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A number of UAE companies want to shift over to International Financial Reporting Standards (IFRS) for getting financial reports audited, says David Furst, the President of the Institute of Chartered Accountants of England and Wales (ICAEW). Furst, who was in Dubai to launch the Certificate in Business Accounting Course, said ICAEW can help the UAE promulgate a federal accounting standard.
Lack of regulations do not make the UAE more vulnerable to the economic crisis, Furst said. He, however, cautions that following two different sets of accounting standards can add to confusion in the country. He also called upon the auditors working in the country to do their job of reporting the correct financial information with sincerity.
ICAEW plans to open its offices in the GCC towards the end of 2009, Furst told Emirates Business in an interview. Excerpts:
As an auditor how do you look at the UAE during the prevailing crisis?
In times such as this, clear and transparent financial information becomes even more important, especially from the point of view of international investors and shareholders, allowing them to make decisions with confidence. Auditors provide their opinion as to whether a company's financial statements give a true and fair view and whether they are properly prepared in accordance with the relevant laws. In the UAE, as in the rest of the world, the accountancy profession must play its part in helping to restore market confidence through the continued provision of high quality financial information.
How about the Gulf as a whole? Which GCC country do you think has mature accounting standards?
It is our view that increasingly markets will be converging towards international financial reporting standards. As businesses become more global, they will need one set of accounting standards that will enable them to report across borders. We have been, and continue to be, fully supportive of the work that the International Accounting Standards Board has been doing in this space. With the stock exchanges in the region requiring accounts to follow international standards, there is a trend in the region to converge to IFRS, which will continue to strengthen GCC as an influential international financial centre.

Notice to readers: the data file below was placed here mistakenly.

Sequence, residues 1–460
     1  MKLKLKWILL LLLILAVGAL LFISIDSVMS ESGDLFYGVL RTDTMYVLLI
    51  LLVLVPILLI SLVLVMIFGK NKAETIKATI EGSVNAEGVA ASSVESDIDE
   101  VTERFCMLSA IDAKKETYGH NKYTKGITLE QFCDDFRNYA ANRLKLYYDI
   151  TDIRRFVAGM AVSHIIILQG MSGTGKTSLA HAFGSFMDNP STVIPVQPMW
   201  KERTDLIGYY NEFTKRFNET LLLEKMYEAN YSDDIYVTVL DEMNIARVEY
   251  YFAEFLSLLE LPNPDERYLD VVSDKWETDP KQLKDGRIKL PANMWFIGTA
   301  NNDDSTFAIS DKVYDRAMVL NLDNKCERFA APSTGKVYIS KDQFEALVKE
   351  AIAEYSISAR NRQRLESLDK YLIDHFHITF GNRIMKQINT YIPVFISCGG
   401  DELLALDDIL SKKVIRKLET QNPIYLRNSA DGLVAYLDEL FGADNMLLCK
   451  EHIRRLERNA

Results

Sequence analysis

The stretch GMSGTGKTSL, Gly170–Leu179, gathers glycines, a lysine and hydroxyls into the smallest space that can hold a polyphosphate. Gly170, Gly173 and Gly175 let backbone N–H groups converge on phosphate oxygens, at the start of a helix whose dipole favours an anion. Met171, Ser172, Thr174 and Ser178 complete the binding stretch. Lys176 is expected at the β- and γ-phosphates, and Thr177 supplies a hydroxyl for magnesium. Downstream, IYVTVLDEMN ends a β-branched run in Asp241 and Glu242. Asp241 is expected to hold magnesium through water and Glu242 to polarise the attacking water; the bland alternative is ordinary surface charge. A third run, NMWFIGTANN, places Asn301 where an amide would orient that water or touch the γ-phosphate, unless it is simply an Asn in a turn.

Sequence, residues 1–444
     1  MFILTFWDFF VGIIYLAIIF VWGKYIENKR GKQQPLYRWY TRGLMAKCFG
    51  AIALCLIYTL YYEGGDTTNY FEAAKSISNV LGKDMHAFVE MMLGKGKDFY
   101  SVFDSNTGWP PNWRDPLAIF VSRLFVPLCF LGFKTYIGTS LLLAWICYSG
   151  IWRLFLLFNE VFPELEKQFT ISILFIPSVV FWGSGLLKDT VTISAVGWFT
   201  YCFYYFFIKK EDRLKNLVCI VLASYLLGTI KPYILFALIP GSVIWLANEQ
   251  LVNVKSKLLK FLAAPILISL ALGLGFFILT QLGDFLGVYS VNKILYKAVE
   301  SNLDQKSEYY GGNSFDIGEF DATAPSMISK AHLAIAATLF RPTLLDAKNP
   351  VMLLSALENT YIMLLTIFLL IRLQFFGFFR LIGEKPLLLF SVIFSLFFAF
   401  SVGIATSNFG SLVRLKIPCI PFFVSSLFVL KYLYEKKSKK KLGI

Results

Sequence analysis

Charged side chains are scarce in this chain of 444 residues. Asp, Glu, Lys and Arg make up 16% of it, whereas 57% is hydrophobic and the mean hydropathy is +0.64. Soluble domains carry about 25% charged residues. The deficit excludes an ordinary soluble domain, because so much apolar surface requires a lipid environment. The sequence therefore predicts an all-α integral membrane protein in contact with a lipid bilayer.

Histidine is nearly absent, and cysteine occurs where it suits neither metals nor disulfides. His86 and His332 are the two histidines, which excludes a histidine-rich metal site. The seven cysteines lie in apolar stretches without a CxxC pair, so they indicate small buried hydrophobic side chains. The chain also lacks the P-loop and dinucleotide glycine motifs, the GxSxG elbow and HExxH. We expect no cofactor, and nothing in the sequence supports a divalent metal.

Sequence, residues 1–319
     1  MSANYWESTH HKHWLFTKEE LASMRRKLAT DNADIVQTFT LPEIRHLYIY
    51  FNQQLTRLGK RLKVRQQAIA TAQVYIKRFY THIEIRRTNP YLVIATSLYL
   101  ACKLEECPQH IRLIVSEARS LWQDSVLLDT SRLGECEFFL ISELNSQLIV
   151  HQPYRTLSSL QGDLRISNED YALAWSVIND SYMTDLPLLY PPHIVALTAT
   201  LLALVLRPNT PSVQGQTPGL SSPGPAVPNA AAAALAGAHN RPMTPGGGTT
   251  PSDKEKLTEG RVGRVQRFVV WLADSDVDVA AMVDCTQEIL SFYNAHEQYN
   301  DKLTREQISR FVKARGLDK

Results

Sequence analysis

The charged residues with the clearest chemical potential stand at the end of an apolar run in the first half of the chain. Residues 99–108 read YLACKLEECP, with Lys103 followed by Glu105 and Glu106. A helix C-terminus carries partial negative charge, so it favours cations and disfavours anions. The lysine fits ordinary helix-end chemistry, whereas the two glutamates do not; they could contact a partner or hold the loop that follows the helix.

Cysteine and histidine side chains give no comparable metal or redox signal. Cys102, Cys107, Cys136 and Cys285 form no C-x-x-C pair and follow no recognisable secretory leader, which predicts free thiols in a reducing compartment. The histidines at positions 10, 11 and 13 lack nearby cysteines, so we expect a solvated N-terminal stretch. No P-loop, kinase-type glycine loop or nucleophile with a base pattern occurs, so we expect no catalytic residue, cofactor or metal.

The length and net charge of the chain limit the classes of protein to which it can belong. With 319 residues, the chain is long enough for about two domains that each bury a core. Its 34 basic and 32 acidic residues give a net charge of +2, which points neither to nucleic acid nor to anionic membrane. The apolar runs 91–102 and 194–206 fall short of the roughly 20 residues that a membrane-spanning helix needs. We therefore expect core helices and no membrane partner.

How can ICAEW as a body help improve the situation? Do you think you can co-operate with the country's government and establish a body similar to yours?
In the United Kingdom, the ICAEW has a statutory responsibility for monitoring members for compliance with UK audit regulations. It is the leading audit inspector in the country. This role has given the institute wide experience and expertise in global accounting and auditing policies and procedures. In the UK, as well as internationally, the ICAEW has played a key role in shaping accounting and auditing standards and driving the ethical focus within the profession through our thought leadership work. The ICAEW is a leading contributor to international bodies such as the International Federation of Accountants (IFAC), the Global Accounting Alliance (GAA) and the International Accounting Standards Board (IASB).
The ICAEW is also working with local accountancy bodies and governments in a range of countries across the world to increase cross-border mobility for members, enhance the accountancy profession and ensure financial information is as technically rigorous and ethically robust as possible.
The ICAEW has around 550 members in the Gulf states, working at senior levels in business. More than 300 of these are based in the UAE, with about three in four having more than 10 years experience since qualifying as chartered accountants (ACA - Associate of the Institute of Chartered Accountants in England and Wales).